U.S. Mobile Market: Highly Competitive, and the iPhone Still Rocks

Pretty much everything you’ve read about the U.S. mobile industry is true: The networks suck — some more than others — and the iPhone is still a king-maker. Yet according to data collected by Wireless Intelligence, during the quarter ended Dec. 31 2009, 5.9 million net new subscribers signed up for wireless services, the highest number of new adds made during a three-month period in three years.

The battle for subscribers among carriers is best reflected in the recent moves made by Verizon and AT&T. Verizon, which ended December 2009 with 91.2 million subscribers, has launched a slew of smartphones, including the much-hyped Motorola Droid. The company also launched a nasty ad campaign to highlight AT&T’s network weakness. The net result: it added 2.2 million net new subscribers during the most recent quarter, the most since the third quarter of 2008. As Jon Groves, analyst with Wireless Intelligence, writes in the report:

In comparison, thanks in part to Apple’s iPhone, AT&T added 2.7 million net new subscribers, taking its total to 85.1 million.Head-to-head after stripping out reseller and wholesale net additions, Verizon reported 1.2 million net additions in 4Q09 against AT&T’s 900,000…However, the iPhone yet again remained a very strong proposition for AT&T, with 3.1 million iPhone account activations reported in the fourth quarter — the second-ever highest quarterly total – of which more than a third were new AT&T subscribers…The remaining operators continue to feel the squeeze outside of the device exclusivity and coverage available from AT&T/Verizon in the contract market and the ‘unlimited’ offerings from the likes of Straight Talk in the prepaid segment.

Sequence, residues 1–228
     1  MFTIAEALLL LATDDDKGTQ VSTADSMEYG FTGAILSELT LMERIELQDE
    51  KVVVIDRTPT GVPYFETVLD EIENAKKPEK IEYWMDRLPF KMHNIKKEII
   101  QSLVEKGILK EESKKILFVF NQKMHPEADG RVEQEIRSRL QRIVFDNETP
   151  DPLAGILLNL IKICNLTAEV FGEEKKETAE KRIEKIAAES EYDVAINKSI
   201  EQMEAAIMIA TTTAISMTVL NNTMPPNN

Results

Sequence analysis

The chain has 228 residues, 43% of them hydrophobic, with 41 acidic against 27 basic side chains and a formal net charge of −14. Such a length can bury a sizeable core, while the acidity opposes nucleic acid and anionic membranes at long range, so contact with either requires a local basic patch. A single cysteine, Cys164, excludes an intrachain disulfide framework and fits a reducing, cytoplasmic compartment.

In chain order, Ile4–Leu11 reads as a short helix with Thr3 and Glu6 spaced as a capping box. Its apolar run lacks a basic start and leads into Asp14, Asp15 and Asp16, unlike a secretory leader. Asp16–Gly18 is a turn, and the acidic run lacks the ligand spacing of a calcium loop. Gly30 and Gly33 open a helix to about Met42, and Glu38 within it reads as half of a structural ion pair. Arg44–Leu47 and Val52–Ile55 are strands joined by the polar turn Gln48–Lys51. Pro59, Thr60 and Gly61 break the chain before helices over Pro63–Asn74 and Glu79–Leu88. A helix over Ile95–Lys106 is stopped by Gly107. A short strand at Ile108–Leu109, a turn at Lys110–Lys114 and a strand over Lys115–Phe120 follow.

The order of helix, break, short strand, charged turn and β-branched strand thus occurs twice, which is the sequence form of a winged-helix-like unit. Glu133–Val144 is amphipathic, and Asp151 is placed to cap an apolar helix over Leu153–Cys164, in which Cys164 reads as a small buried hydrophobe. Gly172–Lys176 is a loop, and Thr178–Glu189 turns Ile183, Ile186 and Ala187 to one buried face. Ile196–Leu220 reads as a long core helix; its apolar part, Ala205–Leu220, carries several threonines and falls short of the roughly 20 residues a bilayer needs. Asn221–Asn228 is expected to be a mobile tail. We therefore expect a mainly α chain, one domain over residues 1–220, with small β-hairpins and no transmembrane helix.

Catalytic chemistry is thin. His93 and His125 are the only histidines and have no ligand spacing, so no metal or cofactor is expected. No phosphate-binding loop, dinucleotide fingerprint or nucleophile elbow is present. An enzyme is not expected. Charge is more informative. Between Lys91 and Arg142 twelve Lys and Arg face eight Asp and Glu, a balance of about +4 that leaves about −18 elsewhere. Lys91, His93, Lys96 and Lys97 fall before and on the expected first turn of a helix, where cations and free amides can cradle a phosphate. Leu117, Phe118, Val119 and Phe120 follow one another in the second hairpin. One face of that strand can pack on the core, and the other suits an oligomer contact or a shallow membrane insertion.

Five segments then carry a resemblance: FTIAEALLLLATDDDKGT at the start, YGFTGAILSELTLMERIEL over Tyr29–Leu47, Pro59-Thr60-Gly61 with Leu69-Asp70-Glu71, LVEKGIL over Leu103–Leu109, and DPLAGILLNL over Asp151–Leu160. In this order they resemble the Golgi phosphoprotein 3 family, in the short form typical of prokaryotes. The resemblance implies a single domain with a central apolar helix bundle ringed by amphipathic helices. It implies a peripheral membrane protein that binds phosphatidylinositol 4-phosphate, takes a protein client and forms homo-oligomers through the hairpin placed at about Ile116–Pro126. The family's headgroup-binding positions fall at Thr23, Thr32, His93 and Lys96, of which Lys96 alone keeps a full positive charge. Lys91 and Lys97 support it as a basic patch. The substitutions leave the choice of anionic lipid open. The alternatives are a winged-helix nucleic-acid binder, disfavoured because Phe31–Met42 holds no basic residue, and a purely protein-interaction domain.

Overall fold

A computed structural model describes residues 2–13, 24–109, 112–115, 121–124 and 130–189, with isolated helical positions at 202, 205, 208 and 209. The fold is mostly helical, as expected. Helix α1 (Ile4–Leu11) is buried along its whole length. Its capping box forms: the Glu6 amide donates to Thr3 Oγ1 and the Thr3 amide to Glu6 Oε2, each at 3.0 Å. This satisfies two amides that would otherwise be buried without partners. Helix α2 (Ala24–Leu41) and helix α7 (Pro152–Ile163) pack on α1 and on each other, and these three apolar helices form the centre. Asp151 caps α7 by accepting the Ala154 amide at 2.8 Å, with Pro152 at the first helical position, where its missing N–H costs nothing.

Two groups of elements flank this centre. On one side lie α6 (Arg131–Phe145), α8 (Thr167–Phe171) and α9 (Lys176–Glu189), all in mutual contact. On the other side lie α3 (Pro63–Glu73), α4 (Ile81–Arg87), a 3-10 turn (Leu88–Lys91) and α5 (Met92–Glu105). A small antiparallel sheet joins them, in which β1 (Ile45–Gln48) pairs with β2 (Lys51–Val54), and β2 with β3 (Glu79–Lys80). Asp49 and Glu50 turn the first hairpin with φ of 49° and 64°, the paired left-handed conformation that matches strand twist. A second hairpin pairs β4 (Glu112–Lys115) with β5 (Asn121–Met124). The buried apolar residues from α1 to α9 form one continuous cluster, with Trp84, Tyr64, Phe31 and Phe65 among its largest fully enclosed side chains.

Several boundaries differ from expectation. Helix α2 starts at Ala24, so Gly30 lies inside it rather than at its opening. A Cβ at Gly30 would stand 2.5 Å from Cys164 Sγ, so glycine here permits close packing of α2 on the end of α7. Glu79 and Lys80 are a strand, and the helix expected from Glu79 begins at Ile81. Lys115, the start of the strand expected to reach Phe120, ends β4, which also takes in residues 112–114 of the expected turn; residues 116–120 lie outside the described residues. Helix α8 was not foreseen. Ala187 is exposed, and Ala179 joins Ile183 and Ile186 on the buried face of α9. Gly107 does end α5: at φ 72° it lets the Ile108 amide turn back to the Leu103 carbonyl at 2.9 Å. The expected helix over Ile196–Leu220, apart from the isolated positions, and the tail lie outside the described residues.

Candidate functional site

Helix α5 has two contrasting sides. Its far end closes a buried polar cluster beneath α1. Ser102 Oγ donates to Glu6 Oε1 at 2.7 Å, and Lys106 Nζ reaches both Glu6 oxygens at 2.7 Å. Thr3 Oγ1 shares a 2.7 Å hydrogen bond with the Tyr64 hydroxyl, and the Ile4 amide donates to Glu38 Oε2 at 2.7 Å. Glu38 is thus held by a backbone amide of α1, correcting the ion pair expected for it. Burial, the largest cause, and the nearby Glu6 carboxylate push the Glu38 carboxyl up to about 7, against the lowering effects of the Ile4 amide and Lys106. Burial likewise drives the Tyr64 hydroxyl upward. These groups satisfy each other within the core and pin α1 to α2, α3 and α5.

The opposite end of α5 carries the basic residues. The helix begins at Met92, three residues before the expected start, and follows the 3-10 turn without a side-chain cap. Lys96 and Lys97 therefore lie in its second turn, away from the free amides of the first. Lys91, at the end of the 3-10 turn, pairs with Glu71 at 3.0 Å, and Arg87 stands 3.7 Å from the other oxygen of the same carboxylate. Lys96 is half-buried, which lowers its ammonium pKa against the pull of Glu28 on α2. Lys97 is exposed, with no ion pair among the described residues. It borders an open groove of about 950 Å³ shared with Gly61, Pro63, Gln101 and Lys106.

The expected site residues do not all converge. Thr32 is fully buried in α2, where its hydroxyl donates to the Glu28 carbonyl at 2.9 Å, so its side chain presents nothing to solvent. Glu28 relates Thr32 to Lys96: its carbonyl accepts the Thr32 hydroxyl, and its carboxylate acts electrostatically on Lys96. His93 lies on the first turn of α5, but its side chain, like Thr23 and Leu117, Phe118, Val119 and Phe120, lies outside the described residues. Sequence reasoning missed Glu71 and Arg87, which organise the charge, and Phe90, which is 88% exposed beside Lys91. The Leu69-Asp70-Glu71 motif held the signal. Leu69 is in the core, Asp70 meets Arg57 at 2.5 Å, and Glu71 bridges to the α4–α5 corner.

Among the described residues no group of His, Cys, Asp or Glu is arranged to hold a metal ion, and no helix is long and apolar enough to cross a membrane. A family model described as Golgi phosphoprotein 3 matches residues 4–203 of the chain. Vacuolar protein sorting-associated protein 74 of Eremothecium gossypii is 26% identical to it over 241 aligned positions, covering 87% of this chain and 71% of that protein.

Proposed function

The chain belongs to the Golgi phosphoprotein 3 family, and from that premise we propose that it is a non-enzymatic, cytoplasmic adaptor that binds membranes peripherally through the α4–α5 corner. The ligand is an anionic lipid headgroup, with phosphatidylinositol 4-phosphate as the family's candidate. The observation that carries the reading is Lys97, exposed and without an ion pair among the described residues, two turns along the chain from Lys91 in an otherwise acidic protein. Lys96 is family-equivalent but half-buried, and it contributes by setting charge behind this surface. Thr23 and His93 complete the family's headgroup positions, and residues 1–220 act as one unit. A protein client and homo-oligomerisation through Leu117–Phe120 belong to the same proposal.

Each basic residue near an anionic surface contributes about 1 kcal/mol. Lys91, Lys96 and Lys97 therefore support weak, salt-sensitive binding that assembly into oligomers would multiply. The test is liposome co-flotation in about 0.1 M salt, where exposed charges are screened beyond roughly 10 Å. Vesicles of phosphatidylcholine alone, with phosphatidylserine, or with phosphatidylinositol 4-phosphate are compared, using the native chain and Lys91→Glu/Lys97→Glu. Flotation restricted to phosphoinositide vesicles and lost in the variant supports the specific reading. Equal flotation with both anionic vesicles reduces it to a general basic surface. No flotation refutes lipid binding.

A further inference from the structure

You can drill down into individual wireless carriers numbers by checking out the GigaOM Q4 Wireless Scorecard.

The growth during the quarter also masked some dangerous trends, however. As Chetan Sharma, a contributing analyst for GigaOM Pro, recently pointed out, during the last three months of 2009, “voice ARPU declined by a substantial 98 cents for U.S. carriers” and “data ARPU increased by a mere 4 percent to 53 cents as overall ARPU decreased 45 cents on the year.”

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Related content from GigaOM Pro (sub req’d):


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Thumbnail image courtesy of Flickr user Rennett Stowe

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